Activist and civil rights pioneer Amelia Boynton Robinson is truly a living legend. In one of the most horrific examples of hatred in the Civil Rights Movement, Robinson was beaten and left for dead in the event known around the world as “Bloody Sunday.”
Robinson, a longtime champion of equal rights for women before she was involved in civil rights, was a key figure of the battles between Blacks and Whites in Selma, Ala.
After her husband and fellow voting rights activist S.W. “Bill” Boynton died in 1963, their home became the headquarters and meeting space for the Southern Christian Leadership Conference’s Rev. Dr. Martin Luther King Jr. and James Bevel.
The SCLC planned many of its non-violent demonstrations in Boynton’s home and office, solidified by a longtime friendship with the King family.
The events of “Bloody Sunday” unfolded on March 7, 1965, which was a peaceful march planned by Bevel and led by John Lewis, Hosea Williams and others.
The march was in protest of the inequality between Black and White registered voters. Although Selma was 50 percent Black, they made up a scant 1 percent of registered voters. The marchers were walking from Selma to the city of Montgomery which was where the state capital was located.
Jimmie Lee Jackson was a non-violent protestor for voting rights who was killed by a policeman in the week prior to the Selma march.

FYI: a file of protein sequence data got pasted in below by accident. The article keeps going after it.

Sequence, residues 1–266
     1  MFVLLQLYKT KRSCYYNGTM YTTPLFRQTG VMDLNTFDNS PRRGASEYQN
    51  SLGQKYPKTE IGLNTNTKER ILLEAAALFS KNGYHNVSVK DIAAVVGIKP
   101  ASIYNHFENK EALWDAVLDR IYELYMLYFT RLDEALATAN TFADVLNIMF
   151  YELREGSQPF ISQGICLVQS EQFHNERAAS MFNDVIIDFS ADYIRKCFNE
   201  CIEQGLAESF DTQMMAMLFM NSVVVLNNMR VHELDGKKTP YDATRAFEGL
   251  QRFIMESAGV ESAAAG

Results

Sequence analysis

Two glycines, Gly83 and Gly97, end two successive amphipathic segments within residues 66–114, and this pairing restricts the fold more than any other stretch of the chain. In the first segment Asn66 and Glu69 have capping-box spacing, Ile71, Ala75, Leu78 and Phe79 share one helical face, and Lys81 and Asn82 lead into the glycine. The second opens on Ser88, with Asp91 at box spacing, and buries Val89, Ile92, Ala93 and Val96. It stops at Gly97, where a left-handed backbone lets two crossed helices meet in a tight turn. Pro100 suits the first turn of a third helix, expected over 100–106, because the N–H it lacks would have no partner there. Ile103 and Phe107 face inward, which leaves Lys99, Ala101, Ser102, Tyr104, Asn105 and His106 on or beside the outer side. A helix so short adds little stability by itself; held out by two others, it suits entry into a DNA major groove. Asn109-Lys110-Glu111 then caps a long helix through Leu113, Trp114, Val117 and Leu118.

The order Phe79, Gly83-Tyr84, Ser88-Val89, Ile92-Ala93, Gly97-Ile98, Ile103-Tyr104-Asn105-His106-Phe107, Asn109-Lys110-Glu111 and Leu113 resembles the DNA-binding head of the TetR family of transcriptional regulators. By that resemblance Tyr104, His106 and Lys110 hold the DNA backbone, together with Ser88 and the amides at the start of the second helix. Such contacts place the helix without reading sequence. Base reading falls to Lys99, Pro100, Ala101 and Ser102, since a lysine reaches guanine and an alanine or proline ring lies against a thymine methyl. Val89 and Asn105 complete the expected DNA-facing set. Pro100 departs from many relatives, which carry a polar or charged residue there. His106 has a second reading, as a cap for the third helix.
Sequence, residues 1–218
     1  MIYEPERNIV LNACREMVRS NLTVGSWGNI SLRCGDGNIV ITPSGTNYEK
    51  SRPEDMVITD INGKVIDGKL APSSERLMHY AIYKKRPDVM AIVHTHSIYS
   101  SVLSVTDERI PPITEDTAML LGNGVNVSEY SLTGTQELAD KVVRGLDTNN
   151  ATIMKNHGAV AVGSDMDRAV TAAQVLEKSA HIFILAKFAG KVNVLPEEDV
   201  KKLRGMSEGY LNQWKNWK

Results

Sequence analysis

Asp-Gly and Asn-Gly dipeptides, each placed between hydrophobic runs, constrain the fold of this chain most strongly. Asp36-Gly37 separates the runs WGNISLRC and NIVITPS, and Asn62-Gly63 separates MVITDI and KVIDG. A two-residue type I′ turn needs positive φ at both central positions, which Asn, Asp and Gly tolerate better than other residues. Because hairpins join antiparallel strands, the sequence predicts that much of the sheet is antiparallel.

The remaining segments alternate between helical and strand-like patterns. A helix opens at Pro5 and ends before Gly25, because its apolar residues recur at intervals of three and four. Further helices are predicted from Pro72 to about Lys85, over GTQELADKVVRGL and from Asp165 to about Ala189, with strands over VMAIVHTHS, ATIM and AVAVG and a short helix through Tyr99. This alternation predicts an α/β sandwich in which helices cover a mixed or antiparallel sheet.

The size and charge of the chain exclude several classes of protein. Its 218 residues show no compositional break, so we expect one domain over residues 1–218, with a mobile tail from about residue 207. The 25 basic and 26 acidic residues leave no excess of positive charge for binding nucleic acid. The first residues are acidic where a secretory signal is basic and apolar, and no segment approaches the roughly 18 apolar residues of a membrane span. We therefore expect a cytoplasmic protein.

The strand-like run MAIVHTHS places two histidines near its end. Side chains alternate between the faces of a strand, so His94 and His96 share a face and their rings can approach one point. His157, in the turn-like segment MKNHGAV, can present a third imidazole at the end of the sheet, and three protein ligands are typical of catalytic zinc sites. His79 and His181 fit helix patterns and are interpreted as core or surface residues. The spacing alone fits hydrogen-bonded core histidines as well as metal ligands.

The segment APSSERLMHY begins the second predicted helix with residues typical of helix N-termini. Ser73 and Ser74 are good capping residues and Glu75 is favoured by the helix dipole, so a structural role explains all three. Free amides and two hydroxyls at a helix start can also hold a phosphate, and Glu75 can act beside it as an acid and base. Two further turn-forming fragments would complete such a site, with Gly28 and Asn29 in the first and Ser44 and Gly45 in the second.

Jackson’s death, coupled with frustration about voting equality, galvanized more than 600 marchers that Sunday. Marchers attempted to cross the Edmund Pettus Bridge when police headed off the marchers and unleashed a brutal assault.
A photo of Robinson, beaten and bloodied, shocked the globe and brought renewed attention to the voting rights of Blacks in America. Historians point to Bloody Sunday as the catalyst for the Voting Rights Act of 1965, passed then-President Lyndon B. Johnson.
Robinson was a guest of honor when the bill was signed into law. Robinson ran for Congress in Alabama in 1964, the first African-American and woman to do so, but received only10 percent of the vote.
She went on to publish her autobiography, Bridge Across Jordan in 1979 and remains a voting and civil rights icon. Robinson will be 103 years old this August.